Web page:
Berkley, CA, is currently the only major U.S. city charging a tax on sugary drinks. The Philadelphia tax is coming soon — if it survives a beverage industry legal challenge. In spite of the slow adoption of, and opposition to, these so-called “soda taxes,” the World Health Organization is recommending that more places could fight obesity and other ailments by making sugary drinks more expensive.
The WHO’s suggestion came as part of a 36-page report — Fiscal Policies for Diet and Prevention of Noncommunicable Diseases — released in conjunction with World Obesity Day.
According to the report [PDF], which is based on data collected during a meeting of global experts on fiscal policies in May 2015, if retail prices of sugar-sweetened drinks increased 20% there would be a proportional drop in consumption.
The WHO cites evidence that found increased taxes on the drinks “reduced caloric intake and contributed to improving nutrition and reducing overweight, obesity, and noncommunicable diseases.”
“Consumption of free sugars, including products like sugary drinks, is a major factor in the global increase of people suffering from obesity and diabetes,” Dr. Douglas Bettcher, who heads WHO’s department for preventing noncommunicable diseases, tells the Associated Press. “If governments tax products like sugary drinks, they can reduce suffering and save lives.”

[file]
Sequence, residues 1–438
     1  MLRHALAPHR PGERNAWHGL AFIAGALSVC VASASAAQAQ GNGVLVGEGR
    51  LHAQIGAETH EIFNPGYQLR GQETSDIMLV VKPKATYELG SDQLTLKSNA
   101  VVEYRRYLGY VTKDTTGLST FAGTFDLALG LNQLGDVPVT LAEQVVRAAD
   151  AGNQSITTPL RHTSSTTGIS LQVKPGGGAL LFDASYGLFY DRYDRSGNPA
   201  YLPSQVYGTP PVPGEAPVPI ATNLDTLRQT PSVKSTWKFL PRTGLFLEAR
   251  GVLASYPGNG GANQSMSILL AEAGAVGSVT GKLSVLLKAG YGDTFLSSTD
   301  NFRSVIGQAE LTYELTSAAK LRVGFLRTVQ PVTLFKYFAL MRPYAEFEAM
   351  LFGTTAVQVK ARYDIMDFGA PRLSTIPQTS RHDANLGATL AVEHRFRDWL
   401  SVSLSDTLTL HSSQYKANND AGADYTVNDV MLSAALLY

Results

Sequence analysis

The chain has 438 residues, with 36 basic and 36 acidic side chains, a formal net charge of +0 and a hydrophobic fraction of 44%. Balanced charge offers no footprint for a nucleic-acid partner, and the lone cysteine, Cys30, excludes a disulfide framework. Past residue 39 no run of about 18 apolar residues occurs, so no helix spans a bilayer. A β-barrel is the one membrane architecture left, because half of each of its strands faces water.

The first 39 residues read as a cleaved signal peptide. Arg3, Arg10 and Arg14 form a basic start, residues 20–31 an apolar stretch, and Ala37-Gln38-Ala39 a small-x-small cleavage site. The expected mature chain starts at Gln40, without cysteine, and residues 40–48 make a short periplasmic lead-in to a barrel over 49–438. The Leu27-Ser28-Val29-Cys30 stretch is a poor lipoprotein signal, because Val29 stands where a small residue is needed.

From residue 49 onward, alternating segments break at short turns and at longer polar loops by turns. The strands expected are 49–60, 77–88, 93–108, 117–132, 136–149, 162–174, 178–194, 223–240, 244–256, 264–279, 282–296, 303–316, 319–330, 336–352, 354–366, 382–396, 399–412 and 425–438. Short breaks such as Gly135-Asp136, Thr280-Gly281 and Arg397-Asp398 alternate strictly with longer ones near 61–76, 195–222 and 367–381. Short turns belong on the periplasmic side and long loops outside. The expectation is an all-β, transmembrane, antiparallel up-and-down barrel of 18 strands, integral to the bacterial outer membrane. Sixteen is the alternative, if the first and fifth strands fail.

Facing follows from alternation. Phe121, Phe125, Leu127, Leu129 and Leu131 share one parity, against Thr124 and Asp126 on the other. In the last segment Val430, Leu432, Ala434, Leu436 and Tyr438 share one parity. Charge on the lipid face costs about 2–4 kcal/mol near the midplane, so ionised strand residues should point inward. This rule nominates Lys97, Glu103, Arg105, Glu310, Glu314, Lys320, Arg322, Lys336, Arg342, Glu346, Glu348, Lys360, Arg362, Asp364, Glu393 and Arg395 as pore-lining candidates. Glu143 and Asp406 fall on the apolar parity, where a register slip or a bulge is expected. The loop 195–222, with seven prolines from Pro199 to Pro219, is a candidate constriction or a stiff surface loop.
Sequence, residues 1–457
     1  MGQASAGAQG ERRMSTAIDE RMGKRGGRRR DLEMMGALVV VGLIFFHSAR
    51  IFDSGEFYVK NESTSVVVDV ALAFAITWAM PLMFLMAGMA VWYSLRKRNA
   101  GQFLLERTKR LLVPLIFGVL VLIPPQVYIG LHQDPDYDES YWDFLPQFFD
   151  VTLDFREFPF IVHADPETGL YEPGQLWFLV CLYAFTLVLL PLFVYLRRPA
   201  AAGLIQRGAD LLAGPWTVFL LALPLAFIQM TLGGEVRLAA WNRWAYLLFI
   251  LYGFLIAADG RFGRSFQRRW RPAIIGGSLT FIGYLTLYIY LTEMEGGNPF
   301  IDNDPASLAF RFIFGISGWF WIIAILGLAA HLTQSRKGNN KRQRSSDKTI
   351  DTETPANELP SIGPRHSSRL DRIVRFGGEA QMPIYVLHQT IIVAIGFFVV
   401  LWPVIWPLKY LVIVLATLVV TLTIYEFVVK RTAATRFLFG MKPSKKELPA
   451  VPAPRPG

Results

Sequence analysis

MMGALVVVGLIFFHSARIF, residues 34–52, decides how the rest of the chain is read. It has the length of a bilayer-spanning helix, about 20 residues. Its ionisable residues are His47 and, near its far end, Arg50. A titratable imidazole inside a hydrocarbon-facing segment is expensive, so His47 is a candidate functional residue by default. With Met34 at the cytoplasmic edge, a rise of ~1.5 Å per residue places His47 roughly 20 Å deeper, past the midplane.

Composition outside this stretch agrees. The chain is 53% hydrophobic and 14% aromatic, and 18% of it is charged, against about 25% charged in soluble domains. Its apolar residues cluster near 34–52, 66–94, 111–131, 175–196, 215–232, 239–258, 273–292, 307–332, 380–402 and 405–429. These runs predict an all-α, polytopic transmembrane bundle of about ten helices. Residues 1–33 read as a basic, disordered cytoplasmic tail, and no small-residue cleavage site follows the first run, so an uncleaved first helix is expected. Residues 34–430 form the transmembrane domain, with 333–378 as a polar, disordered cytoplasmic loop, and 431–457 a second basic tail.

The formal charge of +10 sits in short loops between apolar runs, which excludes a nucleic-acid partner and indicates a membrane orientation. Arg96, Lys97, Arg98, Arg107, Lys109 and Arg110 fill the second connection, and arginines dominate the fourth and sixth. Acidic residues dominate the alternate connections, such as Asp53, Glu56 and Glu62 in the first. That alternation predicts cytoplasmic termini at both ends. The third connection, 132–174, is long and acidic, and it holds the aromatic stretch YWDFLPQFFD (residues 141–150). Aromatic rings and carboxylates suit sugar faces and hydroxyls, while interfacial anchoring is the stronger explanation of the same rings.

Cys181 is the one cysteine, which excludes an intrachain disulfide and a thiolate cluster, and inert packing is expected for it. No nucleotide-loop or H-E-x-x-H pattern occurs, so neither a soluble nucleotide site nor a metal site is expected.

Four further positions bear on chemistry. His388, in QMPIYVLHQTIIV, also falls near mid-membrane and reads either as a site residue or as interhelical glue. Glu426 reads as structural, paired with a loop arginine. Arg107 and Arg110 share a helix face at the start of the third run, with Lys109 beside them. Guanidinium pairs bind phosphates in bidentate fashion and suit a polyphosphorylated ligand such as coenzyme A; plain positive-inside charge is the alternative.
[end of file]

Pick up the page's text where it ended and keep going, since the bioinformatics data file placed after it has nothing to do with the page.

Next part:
The report notes that specific excise taxes — like those used for tobacco products — as opposed to sales or other taxes will likely be the most effective.
“This is because they reduce incentives to switch down to cheaper options, in that they increase the price of all products affected by the tax in the same way,” the report states.
According to the WHO, the taxes would also be a way for governments around the world to bring in needed funds that could be used to pay for health services.
Of course, the organization points out that taxing the drinks is just one way that countries can reduce the consumption of sugar.
In another suggestion, the report found evidence that providing subsidies for fresh fruits and vegetables that reduce prices by 10% to 30% are also effective in improving consumer health.
“Greater effects on the net energy intake and weight may be accomplished by combining subsidies on fruit and vegetables and taxation of target foods,” the report states.
by Ashlee Kieler via Consumerist